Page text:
A new approach to property valuation that embraces their ethical worth
Few would question that the trend in the construction industry towards sustainable, socially desirable and environmentally friendlier methods is a ‘very good thing’ – even if new those methods and materials tend to be more expensive. The trouble is that until now there has been no widely accepted way of measuring the value they add. In the simplest of terms, if a new, sustainable approach requires greater investment and the returns on that investment are not measurable financially, its value as an asset is reduced.
That’s why global construction contractor ISG commissioned economics consultants from the Centre for Economics & Business Research (CEBR) to compile a comparative index of what they describe as ‘holistic potential property value’ through the UK. And the resulting report does indeed support the argument for a new valuation system.
For example, they found that buildings in the South of England tended to perform better than those in the North according to environmental and social metrics – but because they cost more to construct they come up poorly in the light of financial and commercial metrics.
The CEBR report points out that, ‘to be accurate and build resilience, our asset valuation system must be as flexible and multifaceted as the market’. With that in mind, ISG is proposing a new methodology that assesses the traditional financial and commercial metrics but considers them alongside environmental and social metrics such as energy supply, emission levels, users’ quality of life and local transport infrastructure among many others.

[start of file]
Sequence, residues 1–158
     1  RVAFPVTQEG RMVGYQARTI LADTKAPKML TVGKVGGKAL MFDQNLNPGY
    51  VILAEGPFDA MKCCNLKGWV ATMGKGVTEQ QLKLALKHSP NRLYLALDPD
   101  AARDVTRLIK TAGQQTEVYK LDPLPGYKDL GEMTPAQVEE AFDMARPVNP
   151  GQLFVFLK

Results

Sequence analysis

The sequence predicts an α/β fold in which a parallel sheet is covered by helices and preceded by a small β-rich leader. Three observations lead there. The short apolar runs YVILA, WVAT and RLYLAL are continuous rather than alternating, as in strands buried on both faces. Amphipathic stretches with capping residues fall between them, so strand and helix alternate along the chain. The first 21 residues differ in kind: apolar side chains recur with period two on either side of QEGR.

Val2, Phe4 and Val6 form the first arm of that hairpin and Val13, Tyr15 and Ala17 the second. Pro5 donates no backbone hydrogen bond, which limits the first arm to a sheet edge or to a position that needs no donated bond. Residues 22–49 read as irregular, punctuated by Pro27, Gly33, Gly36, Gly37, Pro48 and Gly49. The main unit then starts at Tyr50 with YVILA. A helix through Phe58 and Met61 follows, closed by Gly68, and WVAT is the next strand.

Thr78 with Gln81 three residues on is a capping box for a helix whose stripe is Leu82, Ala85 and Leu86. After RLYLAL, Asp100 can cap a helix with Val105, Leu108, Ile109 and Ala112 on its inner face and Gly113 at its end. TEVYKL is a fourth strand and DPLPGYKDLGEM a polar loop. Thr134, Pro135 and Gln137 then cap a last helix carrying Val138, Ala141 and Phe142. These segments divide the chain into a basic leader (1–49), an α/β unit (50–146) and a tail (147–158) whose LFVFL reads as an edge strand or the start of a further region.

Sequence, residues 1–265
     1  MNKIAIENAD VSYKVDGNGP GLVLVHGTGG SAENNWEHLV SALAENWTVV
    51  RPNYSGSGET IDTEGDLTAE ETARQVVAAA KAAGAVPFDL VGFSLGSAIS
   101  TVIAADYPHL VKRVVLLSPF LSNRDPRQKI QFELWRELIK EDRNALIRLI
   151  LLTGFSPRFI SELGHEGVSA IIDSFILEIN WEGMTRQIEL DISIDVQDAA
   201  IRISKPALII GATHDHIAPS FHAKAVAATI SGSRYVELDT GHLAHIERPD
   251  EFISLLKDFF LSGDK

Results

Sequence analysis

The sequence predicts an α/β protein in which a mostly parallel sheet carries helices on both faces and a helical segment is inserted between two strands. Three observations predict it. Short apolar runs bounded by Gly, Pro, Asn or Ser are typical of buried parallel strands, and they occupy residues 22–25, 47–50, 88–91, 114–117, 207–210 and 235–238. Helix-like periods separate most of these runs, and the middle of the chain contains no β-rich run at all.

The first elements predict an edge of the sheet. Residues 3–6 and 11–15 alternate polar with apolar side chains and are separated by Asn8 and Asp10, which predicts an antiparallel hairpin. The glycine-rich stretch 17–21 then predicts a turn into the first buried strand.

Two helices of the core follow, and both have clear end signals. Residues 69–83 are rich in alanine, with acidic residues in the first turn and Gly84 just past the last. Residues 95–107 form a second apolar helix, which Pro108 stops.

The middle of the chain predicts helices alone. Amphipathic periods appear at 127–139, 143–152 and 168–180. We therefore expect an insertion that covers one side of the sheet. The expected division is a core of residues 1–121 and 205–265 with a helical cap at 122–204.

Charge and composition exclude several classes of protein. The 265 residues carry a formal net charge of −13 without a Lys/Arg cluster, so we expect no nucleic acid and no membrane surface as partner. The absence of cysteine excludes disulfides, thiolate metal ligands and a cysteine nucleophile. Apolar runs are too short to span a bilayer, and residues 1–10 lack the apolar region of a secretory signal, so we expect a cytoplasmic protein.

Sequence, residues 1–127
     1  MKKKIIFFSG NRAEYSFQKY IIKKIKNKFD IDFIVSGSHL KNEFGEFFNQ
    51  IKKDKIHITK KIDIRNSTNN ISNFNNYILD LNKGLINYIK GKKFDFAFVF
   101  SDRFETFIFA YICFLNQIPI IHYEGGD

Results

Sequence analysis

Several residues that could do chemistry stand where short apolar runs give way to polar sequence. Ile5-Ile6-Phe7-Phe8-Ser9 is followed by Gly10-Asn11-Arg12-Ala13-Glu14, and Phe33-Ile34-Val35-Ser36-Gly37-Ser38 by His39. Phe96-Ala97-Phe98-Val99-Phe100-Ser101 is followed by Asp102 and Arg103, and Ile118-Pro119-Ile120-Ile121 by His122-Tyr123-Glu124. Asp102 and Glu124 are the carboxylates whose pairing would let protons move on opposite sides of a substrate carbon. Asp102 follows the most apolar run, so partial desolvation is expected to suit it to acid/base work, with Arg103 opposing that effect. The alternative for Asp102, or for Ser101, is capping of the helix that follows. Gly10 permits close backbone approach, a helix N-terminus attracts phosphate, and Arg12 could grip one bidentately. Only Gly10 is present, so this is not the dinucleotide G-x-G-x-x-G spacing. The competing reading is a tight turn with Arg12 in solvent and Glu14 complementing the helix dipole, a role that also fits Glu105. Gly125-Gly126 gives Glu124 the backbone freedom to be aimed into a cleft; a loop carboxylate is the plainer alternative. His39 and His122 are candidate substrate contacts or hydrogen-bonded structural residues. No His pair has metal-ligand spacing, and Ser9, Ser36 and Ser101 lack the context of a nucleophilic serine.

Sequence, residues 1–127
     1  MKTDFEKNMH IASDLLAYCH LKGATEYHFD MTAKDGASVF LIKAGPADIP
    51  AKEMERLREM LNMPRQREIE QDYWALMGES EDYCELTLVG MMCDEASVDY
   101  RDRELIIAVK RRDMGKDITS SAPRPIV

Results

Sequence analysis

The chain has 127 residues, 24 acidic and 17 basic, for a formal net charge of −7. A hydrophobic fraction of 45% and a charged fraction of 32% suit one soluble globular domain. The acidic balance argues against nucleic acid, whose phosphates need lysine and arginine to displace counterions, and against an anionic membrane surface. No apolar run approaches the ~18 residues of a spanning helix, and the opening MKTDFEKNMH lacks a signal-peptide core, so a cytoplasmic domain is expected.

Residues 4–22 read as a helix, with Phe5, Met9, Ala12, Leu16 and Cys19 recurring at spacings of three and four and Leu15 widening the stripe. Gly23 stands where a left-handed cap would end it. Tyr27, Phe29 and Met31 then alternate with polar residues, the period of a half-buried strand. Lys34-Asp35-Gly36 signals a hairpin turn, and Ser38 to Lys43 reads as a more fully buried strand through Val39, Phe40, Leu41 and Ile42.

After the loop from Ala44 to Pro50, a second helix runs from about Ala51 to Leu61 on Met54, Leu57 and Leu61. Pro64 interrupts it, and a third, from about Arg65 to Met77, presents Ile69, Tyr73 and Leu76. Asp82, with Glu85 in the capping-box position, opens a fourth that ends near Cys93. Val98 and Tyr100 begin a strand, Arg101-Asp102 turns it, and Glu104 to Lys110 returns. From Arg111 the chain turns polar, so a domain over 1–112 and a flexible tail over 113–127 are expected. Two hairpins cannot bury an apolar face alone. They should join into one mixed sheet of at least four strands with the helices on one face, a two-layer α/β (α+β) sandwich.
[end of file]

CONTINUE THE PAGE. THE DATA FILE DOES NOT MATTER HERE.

The importance of the issue would be hard to overstate – for the construction industry and for the country as a whole – because a new valuation methodology can help to identify where the opportunities are to ‘build differently and better, to add resilience to our communities and unlock skills and growth opportunities’.
ISG’s Global Chief Operating Officer Zoe Price commented, ‘The world has changed and so must our built environment, from homes to significant infrastructure. Inaction, or the sole pursuit of short-term gains, is no longer a viable commercial strategy, with ESG [environmental, social and governance] value now a necessity.’
Titled, Sustainable Buildings Monitor: Redefining value | Establishing a purpose-driven framework to measure the true value of property, the full report is published on ISG’s website: